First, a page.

Meela might be a feisty princess, but she knows she has to marry a prince for the good of her people. But when the Queen puts an obedience curse on her to curb her feisty ways the magic has some unexpected consequences.

I found this to be a fun and rather sassy short story. I thought the twist in the tale about the Obedience curse was a stroke of genius and I really enjoyed the slant to the story as a whole. The first chapter really setup the situation Meela had found herself in – and both the good and bad aspects to the queen’s curse – and all the sexy shenanigans rolling in from those consequences was a fun delight to read.

I thought the author showed a good balance between Meela being unable to refuse a command and having the curse force her to obey, but equally not pushing past the ilne of non-consent. I do admit that while the ending felt just a little cliched to me, it was very satisfying, and I feel most readers should be very happy with the twist.

Sexy and fun, this is a quick read I feel many readers will enjoy.

Scars by G.A. Bassier

Scars by G.A. Bassier
Publisher: Self-Published
Genre: Sci-Fi/Fantasy, Romance, Paranormal, Contemporary
Rating: 5 Stars
Reviewed by Astilbe

They say love can heal all wounds…but some scars may run too deep.

Eight months ago, while in a werewolf rage, Lily escaped her cage and killed an innocent person. Every moment since then, Lily’s guilt has grown heavier and more suffocating. Just as it threatens to engulf her, she meets a kind stranger who is struggling through his own turmoil after losing his beloved wife.

Sitting in a coffee shop with Jack, Lily smiles for the first time in eight long, dark months. She and Jack love all the same things: Star Wars, banana bread, even cheesy eighties movies. In spite of her lingering guilt, Lily starts to fall for him. Jack makes it easy. He trusts her. He worries about her. He never compares her to his lost love. Jack makes Lily want to live again–and she does the same for him.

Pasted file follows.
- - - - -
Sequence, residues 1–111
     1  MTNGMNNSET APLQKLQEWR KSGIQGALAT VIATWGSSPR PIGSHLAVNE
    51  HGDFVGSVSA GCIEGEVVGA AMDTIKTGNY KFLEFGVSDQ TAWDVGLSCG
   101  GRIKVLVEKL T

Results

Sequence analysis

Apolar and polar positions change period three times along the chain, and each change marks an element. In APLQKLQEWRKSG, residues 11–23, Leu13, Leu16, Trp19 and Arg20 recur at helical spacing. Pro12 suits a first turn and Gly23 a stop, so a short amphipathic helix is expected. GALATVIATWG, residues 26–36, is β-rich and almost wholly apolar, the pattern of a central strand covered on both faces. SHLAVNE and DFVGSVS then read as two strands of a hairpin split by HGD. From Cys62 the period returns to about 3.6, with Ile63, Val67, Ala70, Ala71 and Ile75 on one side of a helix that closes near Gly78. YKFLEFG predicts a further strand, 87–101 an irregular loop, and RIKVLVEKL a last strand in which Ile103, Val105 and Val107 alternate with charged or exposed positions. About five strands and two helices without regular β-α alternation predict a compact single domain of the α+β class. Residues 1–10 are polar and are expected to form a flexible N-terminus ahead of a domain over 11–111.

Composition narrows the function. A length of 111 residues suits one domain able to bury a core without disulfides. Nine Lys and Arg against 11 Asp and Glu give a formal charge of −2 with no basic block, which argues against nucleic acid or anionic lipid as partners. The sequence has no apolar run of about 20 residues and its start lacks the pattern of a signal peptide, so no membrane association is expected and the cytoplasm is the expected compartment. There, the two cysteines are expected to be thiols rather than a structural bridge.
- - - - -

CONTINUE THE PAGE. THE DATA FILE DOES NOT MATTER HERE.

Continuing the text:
There’s just one problem:

The innocent person Lily killed was Jack’s wife.

It’s never too late to turn things around and try again.

The premise of this novella grabbed my attention immediately, and I thought the author handled the dilemma of a werewolf falling in love with the widower of the woman she accidentally killed in a sensitive and beautiful manner. The tension between their developing relationship and Lily’s terrible secret made it impossible for me to stop reading. Of course, she would have no idea how to bring this topic up to Jack and would struggle to figure out what to do!

Given the tragedy that brought them together, it made total sense for things to develop slowly and unevenly between Jack and Lily. This was exactly what needed to happen in order for me as a reader to want them to live happily ever after, and their chemistry was perfect. What made it even more impressive was the fact that the characters evolved from meeting each other, to falling in love, to discovering the truth, to reaching the climax of this tale within such a short time period. Many authors would need a few hundred pages to reach the same conclusions, so getting it done in about forty pages instead was impressive.